“Let’s just take an extra month or two. If it takes six months, let’s find what those facts are before moving forward,” he said.

A second public consultation is scheduled for this evening at the Pepsi Centre at 7 p.m.

 

The Western Star

Organizations: Multi-Materials Stewardship Board, Pepsi Centre, Department of Environment and Conservation West Coast Asthma Group Lung Association of Newfoundland and Labrador Kruger Memorial University of Newfoundland.Levesque

Geographic location: Corner Brook, Western Star

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Recent comments

  • james
    November 15, 2010 - 08:49

    when other in the world ban tire burning , tailing pond,s burning tires what next

  • a breath of fresh air
    November 10, 2010 - 17:54

    There is nothing in this for NL. It's for Kruger and it's for money. Many places have tried burning tires and many are closing it down. The main employer in CB wants to cut costs. They might want to burn 40 tonnes now but once they get the go ahead tires will be coming in by the barge load. To approve this is opening the flood gates for many years of tire burning. Have people forgotten so quickly the pollution left behind by Abitibi.

  • Calvin
    November 10, 2010 - 12:02

    I think one thing people are a little misinformed about is the manner in which the tires will be burned. It is not going to be in an open yard with plumes of smoke covering the countryside every day. The tires will be burned in a controlled environment where any harmful fumes given off will be filtered and processed to death before they are ejected into the atmosphere. Sure, some harmful chemicals will be dispersed, but no more than the amount that enters the atmosphere every day from car exhausts during rush-hour in Cornerbrook. If it can keep the Mill open and keep the people employed, go for it.

  • jason bull
    November 10, 2010 - 10:42

    economics is the only thing driving this. the mmsb doesn't have the money they collected from all those tires, they spent it years ago on consultants to do 'studies'. someone should have that group open its books. the mill is pushing to save money. why wouldn't it? its a business afterall, and the people who own that business probably socialize with the same people who own this paper. neither live in corner brook, and obviously neither care about the people there if this article is reflective of their feelings. does anybody want their children brought up next to melting tires? who would want such a thing in their town? to save the mill a million dollars a year? why not just bury the tires? there are a million other ways to rid ourselves of them. surely we don't have to burn them to cover up mismanagement by the mmsb and to save joe kruger a few bucks. surely we are more inventive and self-preserving than that?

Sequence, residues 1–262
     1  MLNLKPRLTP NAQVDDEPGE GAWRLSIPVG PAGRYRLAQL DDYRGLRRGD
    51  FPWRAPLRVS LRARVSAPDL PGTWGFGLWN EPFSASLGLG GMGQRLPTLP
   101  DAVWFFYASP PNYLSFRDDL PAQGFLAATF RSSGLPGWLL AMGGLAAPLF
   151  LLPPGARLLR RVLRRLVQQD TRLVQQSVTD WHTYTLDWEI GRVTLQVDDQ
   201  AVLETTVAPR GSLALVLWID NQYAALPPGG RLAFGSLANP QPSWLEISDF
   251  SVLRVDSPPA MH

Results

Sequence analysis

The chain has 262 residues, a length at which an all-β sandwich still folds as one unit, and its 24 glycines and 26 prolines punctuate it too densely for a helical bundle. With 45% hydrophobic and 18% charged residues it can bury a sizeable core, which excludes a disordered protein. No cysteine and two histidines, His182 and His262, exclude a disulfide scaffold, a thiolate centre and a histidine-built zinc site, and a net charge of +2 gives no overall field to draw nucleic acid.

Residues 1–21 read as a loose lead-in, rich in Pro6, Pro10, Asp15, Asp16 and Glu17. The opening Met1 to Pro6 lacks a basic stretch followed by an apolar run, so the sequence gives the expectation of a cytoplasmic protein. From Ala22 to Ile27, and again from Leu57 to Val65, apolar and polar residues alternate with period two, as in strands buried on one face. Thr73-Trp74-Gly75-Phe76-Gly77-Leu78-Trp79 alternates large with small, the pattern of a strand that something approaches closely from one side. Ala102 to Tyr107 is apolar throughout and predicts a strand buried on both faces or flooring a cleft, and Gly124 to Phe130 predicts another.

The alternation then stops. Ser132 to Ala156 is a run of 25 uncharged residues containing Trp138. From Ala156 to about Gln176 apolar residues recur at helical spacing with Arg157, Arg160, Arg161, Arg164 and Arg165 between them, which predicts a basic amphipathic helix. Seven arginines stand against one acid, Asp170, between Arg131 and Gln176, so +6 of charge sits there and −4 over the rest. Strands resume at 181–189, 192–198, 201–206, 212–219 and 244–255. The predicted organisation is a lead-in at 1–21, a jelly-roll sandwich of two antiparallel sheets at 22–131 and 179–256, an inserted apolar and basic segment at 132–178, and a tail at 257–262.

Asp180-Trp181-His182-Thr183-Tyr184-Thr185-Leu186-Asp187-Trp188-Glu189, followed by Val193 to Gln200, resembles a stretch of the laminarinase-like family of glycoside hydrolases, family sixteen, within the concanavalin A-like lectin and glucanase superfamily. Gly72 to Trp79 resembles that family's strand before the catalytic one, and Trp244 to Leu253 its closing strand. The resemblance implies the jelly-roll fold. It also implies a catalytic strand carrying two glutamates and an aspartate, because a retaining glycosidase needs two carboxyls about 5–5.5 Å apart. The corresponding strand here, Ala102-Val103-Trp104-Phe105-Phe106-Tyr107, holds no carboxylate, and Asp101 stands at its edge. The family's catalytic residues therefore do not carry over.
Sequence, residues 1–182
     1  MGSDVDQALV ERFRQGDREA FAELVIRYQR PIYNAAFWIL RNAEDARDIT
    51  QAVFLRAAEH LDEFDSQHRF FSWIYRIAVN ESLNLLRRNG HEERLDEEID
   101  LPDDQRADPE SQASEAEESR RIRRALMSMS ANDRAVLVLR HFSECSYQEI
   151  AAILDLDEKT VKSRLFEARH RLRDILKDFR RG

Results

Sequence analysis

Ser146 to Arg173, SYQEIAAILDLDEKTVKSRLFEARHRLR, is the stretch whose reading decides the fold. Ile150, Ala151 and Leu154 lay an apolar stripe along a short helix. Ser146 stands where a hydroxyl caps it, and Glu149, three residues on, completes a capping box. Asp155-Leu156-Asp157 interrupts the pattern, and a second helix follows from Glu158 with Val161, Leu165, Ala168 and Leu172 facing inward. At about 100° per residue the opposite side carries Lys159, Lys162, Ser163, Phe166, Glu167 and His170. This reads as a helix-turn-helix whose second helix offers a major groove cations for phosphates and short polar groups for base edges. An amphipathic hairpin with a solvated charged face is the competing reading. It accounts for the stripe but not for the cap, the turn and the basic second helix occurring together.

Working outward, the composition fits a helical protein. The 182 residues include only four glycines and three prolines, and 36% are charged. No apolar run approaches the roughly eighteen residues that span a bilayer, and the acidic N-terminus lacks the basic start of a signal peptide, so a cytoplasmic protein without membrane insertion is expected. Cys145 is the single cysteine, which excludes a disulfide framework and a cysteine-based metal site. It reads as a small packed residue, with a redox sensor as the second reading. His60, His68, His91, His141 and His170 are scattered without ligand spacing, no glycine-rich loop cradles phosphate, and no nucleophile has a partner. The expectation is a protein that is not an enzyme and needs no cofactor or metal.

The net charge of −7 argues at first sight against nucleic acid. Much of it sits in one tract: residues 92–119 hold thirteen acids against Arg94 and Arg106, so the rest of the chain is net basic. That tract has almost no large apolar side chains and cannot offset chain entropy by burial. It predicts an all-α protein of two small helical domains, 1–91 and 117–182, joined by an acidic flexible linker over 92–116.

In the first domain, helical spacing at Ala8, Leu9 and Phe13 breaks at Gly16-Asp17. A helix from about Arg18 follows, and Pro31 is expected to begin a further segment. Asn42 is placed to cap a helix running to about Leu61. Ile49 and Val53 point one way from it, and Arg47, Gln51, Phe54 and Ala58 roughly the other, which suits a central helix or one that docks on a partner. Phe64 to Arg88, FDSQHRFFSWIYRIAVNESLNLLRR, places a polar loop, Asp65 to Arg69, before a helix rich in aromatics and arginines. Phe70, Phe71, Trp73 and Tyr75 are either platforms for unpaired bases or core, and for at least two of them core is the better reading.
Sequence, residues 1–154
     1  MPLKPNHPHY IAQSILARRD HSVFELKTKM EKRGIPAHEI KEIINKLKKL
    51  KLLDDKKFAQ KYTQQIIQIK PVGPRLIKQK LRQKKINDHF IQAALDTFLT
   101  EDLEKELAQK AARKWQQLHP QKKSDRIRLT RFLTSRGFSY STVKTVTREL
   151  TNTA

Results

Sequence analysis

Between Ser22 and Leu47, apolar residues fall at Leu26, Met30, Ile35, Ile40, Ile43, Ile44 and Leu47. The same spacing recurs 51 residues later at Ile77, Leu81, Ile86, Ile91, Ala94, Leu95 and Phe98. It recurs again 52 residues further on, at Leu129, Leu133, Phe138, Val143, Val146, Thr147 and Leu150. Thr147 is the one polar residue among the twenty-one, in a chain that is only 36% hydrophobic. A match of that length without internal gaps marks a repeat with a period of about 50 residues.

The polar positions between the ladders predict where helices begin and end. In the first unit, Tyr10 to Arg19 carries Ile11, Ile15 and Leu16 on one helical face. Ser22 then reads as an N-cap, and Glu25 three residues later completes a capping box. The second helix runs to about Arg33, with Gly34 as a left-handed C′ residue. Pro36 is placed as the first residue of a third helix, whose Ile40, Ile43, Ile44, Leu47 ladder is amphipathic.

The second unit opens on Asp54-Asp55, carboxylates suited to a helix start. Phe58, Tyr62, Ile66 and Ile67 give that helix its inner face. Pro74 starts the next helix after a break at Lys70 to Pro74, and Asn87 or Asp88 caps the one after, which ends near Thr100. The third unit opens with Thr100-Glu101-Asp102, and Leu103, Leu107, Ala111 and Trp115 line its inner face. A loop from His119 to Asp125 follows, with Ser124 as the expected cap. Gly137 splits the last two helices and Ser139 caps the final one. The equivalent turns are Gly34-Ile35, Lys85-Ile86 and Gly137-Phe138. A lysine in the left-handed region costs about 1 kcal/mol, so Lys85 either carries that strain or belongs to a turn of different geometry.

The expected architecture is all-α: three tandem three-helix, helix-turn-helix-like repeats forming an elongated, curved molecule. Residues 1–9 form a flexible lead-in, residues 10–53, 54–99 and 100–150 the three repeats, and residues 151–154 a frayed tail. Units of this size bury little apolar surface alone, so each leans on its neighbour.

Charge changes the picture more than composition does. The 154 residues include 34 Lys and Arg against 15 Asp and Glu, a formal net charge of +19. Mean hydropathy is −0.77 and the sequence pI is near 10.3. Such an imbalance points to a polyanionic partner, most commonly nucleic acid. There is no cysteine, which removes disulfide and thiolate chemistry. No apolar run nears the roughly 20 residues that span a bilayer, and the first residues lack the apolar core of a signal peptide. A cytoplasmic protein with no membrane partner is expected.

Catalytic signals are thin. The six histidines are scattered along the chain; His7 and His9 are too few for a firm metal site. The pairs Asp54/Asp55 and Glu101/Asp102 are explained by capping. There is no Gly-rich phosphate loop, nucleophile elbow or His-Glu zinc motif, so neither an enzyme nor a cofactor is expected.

• Mark
    November 10, 2010 - 09:00

    This is a well-written article. Hats off to the authour. I think the label of the article is a little questionable, though: "Public embraces mill’s fuel proposal." 30 participants is hardly a representative sample of "the public". I would not even say it is a representative sample of Corner Brook's population of approximately 20,000.

  • Ken Collis
    November 10, 2010 - 08:48

    If Kruger can burn tires, why do small communities have to ship their small amounts of trash to landfills. I guess it's a money issue. We pay for tire disposal and get nothing for the money. Can I burn my old summer tires next month and save the deposit?